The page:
The most wasted of all days is one without laughter. ~e.e. cummings
Last week the depths of my sadness was palpable. As I wrote my post, Tell Me, honoring my father, the tears dropped on the keyboard. My fingers struggled to keep typing, knowing the words couldn’t hang in my head or in mid-air. They definitely needed a place to land. As I moved through the week, much to my surprise the assault of sadness lightened.
This past weekend laughter surrounded me. My daughter played at the pool, dipped her toes into the water, yelled that it was cold, and then a bright, bellied laugh came from her. It echoed in my ears. During the afternoon, her friends played water games, ate pizza, and reveled in the luster of spring. I recall smiling at my daughter, wanting her to bask in this laughter or at least hoped that years down the road she could recall what this childhood laughter felt like. It’s the laughter of not knowing what is to come, but indulging in it without any hesitation.
On at least three or four occasions this weekend, it seems as if my daughter’s laugh jumped from her to me. As my husband and I shopped for groceries this weekend, we bantered back and forth, joking and teasing, and yes, laughing. We got together with our friends and at least twice during the evening, I remember laughing so hard, that I had to take a breath. And this laughter felt palpable too. I heard the own raucousness of the sounds coming from my belly and I thought about this moment, hours later. It hit me. I was ambushed by laughter.
And I felt the need to acknowledge laughter’s presence. I spend much of my time honoring my sadness, but I don’t think I treat laughter as its corresponding equivalent. It is so easy to dwell on what you’ve lost, but not appreciate that everyday, there is something or someone that will coax you to laugh. I’ve been chasing the present and trying to analyze the best way to live in the now. Yesterday, for the first time, I realized that immersing myself in laughter is the easiest way to live in the present.
Do you think about laughter? Do you believe it is the easiest way to live in the present? Do you laugh everyday?
Oh, my gosh.
Laughter to me, more important than food somedays.
As a survivor of PPD, when I thought I’d never laugh again, I cherish each moment that has me forget myself and burst out in the most primitive of all reactions: the laugh.
So true. Laughter can get you through things in ways you can’t explain. Thanks so much for stopping by!
Oh I do love a good laugh. So glad you are surrounded by them, Rudri! Ambushed–love it.
Thanks Windy! On certain days, I am so grateful for laughter.
I think there is truth to the saying that laughter is the best medicine.
There is really no better way to describe laughter.
I just said to my husband yesterday “I feel like I haven’t truly laughed in ages.” 🙂
I know things have been hard for you. I hope you get a good laugh soon.
Laughter is the best medicine 🙂
There’s nothing better than gut-busting laughter, the kind you can’t hold in for fear your body might explode. Love it.
I love your analogy Kelly. That laughter is the purest.
Two poles, but two very important poles and I don’t believe either is completely understood without the other. But your words here do a fantastic job of describing it. Laugh on my friend!
Thanks Christine. As I’ve said before, I think it is a pendulum, you have to understand sadness to appreciate happiness. I don’t think you can experience one without the other.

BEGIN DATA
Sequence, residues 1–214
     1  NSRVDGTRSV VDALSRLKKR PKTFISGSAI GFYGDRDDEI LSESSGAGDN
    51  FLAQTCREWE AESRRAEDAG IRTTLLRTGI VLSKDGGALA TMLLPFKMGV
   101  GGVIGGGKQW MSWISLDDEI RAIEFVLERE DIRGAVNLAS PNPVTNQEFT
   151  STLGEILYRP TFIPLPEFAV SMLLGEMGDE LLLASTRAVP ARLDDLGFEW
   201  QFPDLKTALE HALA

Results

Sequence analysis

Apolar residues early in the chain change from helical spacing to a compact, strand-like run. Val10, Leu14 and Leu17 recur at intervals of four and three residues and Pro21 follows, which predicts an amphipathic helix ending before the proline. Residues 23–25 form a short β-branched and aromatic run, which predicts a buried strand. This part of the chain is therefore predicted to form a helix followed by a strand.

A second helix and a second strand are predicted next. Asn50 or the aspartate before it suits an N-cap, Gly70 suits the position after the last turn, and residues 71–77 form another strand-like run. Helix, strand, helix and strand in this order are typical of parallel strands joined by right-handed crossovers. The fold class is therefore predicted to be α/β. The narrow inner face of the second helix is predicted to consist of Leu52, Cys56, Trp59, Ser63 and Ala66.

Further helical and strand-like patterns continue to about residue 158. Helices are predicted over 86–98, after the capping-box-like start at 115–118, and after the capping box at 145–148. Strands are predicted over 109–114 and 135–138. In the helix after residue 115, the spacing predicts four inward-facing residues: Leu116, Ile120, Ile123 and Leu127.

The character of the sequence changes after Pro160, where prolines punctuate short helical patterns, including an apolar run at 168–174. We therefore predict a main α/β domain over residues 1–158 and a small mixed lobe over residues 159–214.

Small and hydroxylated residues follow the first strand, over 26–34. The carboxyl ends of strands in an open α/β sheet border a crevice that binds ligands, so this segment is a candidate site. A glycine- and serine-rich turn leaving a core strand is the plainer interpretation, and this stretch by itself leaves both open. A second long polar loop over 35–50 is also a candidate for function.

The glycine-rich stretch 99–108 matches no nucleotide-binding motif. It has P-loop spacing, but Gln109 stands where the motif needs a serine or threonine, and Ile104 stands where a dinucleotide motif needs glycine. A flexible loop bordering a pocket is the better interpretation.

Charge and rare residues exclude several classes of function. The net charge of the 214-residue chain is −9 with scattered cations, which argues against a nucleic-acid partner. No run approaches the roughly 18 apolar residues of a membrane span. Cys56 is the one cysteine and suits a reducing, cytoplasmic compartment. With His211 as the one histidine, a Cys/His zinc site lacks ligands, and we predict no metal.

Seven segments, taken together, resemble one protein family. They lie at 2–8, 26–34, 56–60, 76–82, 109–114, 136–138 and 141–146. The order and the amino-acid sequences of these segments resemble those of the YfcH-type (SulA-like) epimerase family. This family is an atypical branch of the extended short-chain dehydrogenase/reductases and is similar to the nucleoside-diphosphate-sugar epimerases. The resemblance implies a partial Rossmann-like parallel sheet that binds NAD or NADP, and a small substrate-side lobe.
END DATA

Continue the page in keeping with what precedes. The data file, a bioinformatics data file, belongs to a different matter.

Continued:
I realized that even in the depths of my despair, my daughter was able to elicit laughter out of me. They’re such comic relief at times and a job to behold at others that you just can’t help but be swept away by them. And thank goodness for it too because we do need these reminders every now and then, that laughter truly is the best medicine.
My daughter does the same Justine. She will pop out with something that I laugh about days later. I am grateful to experience that spontaneous laughter.
Laughter is, indeed, good medicine. I do it often, but many times, half-heartedly. True, joyous, can’t-contain-it laughter is a beautiful thing.
When those can’t contain moments happen, I certainly relish it as much as I can. Mainly because I don’t know when the next one will come.
I am blessed with a family full of people with great senses of humor, and they keep me laughing. Otherwise, I’d take life too seriously. Great post!
That’s great Amy! A good joke and collective laughter within families is something that is so precious and irreplaceable. Glad you have it in your life.
Thank goodness for the surprise laughter – the more wicked the better! Life gets so tedious, so serious, so complex – and sometimes it’s our children who teach us to laugh again.
Thanks BLW. Laughter can help you forget about the complexities (at least for a little while).
Oh crumbs – laughter and humour is part of each and every day around here. When I had my stroke my husband read that strokes often result in a profound personality change so you can imagine his relief when, even in hospital, I was finding some things to smile at. Laughter has got us through many tough situations and at times when I feel quite black I’ll sometimes make a point of watching favourite comedy programmes because I know that even if I’m not sitting there guffawing like donkey, they *do* make me feel better.
So important Jayne. I am so glad the laughter part of you remained intact.
Can’t imagine a day without laughter. Even at my own expense, it’s worth it.
I often laugh at my own foibles. It’s fun to just laugh at yourself once and awhile.